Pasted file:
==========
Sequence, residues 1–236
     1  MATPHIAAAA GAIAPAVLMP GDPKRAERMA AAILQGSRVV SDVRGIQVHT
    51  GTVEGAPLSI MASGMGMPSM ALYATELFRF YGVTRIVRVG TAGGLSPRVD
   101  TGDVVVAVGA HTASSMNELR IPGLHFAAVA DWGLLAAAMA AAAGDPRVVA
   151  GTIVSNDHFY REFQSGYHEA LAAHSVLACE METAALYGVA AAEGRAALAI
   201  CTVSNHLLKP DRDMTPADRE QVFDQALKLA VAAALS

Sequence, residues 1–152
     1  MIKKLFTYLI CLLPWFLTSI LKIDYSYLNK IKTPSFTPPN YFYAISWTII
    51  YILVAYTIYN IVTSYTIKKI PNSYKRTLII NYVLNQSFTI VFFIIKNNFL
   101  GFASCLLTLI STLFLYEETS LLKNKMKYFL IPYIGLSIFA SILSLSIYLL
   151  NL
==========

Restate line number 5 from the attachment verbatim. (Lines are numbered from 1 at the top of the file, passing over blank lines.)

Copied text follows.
   151  GTIVSNDHFY REFQSGYHEA LAAHSVLACE METAALYGVA AAEGRAALAI